History of Amarante

Presumably Amarante’s origins are related to the primitive peoples that lived in the Aboboreira Mountain (populated since the Stone Age) although the exactness of its founders’ names is still unknown. There are evidences of posterior settlement in the Bronze Age and moreover of the Roman civilisation, more dispersed by the territory.

It is believed that the first structure to be built in the limits of the contemporary city of Amarante was the lodging Albergaria do Covelo do Tâmega in the XII century, by the order of Queen Mafalda, wife of the king D. Afonso Henriques.

This kind of lodging was built in scarcely populated areas and it was intended to accommodate the nomads, especially the poor ones that had difficulties in finding assistance in their trips through the territory. In spite of existing at that time the Saint Veríssimo church, the Lufrei church and others Romanic style churches in the region, around which the population had settled, it is believed that the Albergaria was the centre of the village.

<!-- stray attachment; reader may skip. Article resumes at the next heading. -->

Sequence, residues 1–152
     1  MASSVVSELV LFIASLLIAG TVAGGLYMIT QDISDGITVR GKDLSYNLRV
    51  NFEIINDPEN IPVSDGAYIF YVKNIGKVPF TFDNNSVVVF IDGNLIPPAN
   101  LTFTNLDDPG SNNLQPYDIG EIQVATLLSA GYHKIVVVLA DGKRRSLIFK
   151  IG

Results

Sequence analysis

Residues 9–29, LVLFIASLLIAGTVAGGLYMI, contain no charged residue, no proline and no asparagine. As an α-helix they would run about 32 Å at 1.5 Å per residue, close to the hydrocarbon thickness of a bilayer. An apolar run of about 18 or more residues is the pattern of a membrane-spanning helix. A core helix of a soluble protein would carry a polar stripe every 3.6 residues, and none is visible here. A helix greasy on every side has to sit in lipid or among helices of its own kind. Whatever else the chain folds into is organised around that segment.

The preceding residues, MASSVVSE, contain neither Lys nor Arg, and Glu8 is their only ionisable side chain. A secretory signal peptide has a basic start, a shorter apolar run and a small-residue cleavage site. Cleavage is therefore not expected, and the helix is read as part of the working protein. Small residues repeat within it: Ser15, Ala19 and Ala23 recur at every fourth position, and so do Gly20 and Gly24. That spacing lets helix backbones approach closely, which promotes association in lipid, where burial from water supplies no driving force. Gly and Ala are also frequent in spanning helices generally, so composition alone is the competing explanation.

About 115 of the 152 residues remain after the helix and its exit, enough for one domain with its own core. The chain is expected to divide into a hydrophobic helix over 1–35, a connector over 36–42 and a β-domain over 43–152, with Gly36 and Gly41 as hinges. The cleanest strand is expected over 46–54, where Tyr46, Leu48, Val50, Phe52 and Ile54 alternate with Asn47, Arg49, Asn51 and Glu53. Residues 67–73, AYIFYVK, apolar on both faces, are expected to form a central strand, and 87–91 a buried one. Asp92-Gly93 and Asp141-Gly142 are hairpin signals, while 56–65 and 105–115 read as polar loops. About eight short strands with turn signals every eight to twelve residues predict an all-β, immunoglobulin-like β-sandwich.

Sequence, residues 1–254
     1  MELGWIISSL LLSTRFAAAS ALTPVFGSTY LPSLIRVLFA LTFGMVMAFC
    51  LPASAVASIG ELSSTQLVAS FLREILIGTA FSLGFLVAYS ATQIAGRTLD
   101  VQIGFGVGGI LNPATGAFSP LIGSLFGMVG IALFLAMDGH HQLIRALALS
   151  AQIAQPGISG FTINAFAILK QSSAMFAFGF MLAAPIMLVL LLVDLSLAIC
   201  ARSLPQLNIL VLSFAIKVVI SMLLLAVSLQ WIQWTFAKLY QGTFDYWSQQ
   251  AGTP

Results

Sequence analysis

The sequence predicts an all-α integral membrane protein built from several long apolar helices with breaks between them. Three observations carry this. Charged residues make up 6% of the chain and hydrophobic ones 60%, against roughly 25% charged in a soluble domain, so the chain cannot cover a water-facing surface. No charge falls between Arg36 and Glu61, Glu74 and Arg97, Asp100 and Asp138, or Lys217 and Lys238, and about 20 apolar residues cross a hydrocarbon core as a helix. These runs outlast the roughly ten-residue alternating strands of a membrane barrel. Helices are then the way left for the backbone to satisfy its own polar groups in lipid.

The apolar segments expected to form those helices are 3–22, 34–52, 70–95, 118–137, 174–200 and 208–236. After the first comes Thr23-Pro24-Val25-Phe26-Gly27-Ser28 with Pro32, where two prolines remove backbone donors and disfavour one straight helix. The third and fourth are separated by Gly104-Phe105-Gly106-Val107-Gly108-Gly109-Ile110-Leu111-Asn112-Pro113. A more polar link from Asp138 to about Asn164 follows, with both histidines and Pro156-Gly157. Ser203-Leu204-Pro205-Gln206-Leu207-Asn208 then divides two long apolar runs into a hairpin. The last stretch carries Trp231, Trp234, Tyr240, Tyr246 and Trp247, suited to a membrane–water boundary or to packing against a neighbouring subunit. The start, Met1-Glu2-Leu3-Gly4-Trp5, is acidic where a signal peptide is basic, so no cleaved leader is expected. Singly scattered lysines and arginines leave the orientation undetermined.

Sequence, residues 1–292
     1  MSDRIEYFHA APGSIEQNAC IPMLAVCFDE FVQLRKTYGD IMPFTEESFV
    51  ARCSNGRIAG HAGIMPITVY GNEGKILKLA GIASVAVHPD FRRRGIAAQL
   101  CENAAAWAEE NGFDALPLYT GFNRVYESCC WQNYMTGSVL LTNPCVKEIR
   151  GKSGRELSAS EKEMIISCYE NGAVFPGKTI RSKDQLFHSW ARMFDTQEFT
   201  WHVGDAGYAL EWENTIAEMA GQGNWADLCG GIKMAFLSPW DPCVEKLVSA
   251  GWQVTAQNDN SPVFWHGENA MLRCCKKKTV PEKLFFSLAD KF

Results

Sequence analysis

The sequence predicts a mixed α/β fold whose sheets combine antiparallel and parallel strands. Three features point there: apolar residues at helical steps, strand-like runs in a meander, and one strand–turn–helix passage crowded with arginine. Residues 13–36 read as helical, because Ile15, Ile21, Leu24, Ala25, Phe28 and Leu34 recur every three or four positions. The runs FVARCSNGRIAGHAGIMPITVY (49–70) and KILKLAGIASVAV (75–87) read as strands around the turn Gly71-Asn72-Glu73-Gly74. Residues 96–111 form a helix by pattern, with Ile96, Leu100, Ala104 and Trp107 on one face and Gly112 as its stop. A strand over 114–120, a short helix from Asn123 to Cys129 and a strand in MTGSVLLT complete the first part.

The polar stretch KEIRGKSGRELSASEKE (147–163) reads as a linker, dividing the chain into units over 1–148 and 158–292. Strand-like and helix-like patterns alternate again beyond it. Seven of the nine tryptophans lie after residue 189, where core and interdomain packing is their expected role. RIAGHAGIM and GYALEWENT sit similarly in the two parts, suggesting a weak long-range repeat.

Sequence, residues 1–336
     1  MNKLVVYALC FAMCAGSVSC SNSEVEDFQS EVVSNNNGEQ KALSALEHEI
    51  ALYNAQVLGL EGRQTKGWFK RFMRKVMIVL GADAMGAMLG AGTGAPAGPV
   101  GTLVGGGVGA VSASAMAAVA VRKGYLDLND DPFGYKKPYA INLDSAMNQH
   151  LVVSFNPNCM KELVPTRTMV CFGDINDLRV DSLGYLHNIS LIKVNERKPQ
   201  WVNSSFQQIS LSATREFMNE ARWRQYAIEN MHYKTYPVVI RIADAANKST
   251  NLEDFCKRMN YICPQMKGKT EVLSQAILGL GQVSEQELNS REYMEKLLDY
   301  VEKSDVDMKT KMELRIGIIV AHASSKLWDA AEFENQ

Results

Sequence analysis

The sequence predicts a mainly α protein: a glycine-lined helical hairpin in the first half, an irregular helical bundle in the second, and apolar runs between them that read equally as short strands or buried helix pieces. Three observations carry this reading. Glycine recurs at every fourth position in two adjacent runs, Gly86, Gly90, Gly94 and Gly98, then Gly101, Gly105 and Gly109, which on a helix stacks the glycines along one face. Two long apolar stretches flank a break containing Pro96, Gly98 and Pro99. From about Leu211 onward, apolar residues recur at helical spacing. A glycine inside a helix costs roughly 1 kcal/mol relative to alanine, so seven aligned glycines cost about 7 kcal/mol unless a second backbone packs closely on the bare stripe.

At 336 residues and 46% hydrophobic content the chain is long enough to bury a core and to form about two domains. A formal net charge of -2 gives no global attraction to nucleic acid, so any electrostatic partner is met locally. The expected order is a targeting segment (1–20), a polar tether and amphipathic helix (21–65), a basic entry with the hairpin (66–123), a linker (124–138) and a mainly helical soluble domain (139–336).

This would begin to be established a century later in the limits of today’s historic city centre. It is certain that the city has gained importance and prominence with the arrival of Saint Gonçalo (1187-1259) that has settled in it after his pilgrimage through Rome and Jerusalem.

In times not very far from now Amarante has belonged to the Minho province bordering on Celorico de Basto from the North, Gestaço from the East, Gouveia from the South and Santa Cruz de Riba Tâmega from the West. With the liberal administrative reforms of the XIX century the boroughs of Gouveia, Gestaço and Santa Cruz de Riba Tâmega have disappeared having Amarante received the majority of those boroughs.

Since then Amarante is extended for a 301,5Km² area which corresponds today to a total of 26 boroughs occupying a privileged position in the Douro-Tâmega region.